Wednesday, April 4, 2018

What makes A Wrinkle in Time Christian?

From Christian Century-

Works of art can become holy to people, and these “sacred texts” are miracles. A book, a song, a film, an image created by someone decades or centuries ago, is picked up and read or heard or seen—and in this encounter, something opens up for us. Something in the world makes a little more sense; we make a little more sense. As our life goes on we refer back to that text again and again, and with each reference it becomes more and more holy. Perhaps we believe that this holiness is intrinsic to the text, to the artist, to some faith or hope we share with them—and that, somehow, we swim in the same pool of faith or hope or truth or knowledge.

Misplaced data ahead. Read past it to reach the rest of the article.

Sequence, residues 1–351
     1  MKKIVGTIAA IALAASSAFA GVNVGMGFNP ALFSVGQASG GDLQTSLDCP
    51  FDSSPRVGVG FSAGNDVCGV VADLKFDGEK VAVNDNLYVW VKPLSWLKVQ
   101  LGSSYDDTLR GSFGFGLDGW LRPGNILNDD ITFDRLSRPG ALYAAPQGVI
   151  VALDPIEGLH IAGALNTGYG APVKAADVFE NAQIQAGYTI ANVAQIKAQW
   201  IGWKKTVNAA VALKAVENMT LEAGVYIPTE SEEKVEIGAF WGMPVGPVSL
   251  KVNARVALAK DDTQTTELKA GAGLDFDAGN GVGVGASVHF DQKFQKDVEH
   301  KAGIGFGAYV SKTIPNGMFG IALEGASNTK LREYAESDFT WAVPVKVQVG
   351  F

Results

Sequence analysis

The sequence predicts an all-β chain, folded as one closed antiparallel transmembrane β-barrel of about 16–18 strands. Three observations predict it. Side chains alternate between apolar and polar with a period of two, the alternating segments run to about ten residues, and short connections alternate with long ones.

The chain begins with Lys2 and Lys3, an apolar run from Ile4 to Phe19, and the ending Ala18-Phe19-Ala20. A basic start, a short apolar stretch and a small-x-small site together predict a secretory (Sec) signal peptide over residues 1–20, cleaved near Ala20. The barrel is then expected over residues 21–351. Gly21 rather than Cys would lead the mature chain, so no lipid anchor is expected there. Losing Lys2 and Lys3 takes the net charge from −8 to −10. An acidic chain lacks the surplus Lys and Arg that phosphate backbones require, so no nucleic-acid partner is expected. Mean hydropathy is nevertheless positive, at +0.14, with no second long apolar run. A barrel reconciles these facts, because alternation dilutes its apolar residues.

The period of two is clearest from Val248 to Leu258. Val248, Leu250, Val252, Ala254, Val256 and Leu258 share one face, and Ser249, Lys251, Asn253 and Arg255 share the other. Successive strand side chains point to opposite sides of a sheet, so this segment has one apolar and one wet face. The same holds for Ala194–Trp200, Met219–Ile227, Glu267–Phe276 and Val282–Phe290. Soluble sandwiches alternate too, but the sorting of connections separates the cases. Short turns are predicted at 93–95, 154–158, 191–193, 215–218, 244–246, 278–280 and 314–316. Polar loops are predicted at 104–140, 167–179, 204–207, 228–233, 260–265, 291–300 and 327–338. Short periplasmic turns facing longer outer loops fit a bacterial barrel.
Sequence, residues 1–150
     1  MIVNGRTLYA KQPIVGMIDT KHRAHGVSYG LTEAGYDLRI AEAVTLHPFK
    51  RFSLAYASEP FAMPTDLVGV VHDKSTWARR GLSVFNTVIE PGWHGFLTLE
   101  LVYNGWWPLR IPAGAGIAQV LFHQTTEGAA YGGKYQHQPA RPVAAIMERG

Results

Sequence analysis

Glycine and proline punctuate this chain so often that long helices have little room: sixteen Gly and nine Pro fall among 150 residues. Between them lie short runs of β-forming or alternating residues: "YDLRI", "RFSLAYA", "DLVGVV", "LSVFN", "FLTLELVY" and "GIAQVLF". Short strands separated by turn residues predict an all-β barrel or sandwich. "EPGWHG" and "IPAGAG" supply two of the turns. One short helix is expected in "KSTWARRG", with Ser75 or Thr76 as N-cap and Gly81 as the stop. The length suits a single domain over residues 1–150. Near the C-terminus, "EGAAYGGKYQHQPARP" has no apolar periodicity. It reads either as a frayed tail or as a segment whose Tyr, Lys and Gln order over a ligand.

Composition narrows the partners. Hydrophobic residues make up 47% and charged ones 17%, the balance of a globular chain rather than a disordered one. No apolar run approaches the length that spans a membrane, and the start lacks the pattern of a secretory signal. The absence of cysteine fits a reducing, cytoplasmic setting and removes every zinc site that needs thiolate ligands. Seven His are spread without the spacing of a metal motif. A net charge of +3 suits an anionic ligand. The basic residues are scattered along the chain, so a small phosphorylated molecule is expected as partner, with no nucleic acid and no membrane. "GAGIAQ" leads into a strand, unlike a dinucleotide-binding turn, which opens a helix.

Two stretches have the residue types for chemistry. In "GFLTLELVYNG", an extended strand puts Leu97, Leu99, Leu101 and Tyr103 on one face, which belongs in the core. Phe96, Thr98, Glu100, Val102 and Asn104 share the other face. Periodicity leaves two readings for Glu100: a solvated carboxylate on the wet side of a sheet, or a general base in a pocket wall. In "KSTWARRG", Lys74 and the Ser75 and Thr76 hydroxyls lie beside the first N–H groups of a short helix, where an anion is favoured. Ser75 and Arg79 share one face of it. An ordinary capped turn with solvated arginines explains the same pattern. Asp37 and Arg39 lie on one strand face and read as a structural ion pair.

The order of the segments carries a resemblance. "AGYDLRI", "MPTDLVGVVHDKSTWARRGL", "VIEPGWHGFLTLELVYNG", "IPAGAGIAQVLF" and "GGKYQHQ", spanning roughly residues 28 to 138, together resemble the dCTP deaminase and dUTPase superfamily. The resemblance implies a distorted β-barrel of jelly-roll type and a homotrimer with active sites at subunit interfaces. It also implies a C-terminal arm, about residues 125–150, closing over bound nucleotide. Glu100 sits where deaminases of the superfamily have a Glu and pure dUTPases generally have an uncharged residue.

Such texts also have a way of becoming the property of a dominant culture, signifying cultural and theological values and assumptions. Interpretation of the symbols in these texts, from the Exodus to Bilbo Baggins, are then filtered through ideas of fidelity to the authoritative text. Some of us who read those texts, imagine ourselves within them, and then interpret them in ways that draw outside the lines of these dominant discourses can find ourselves perceived as lacking in spiritual or intellectual depth, or accused of importing our cultures into something alien to us.

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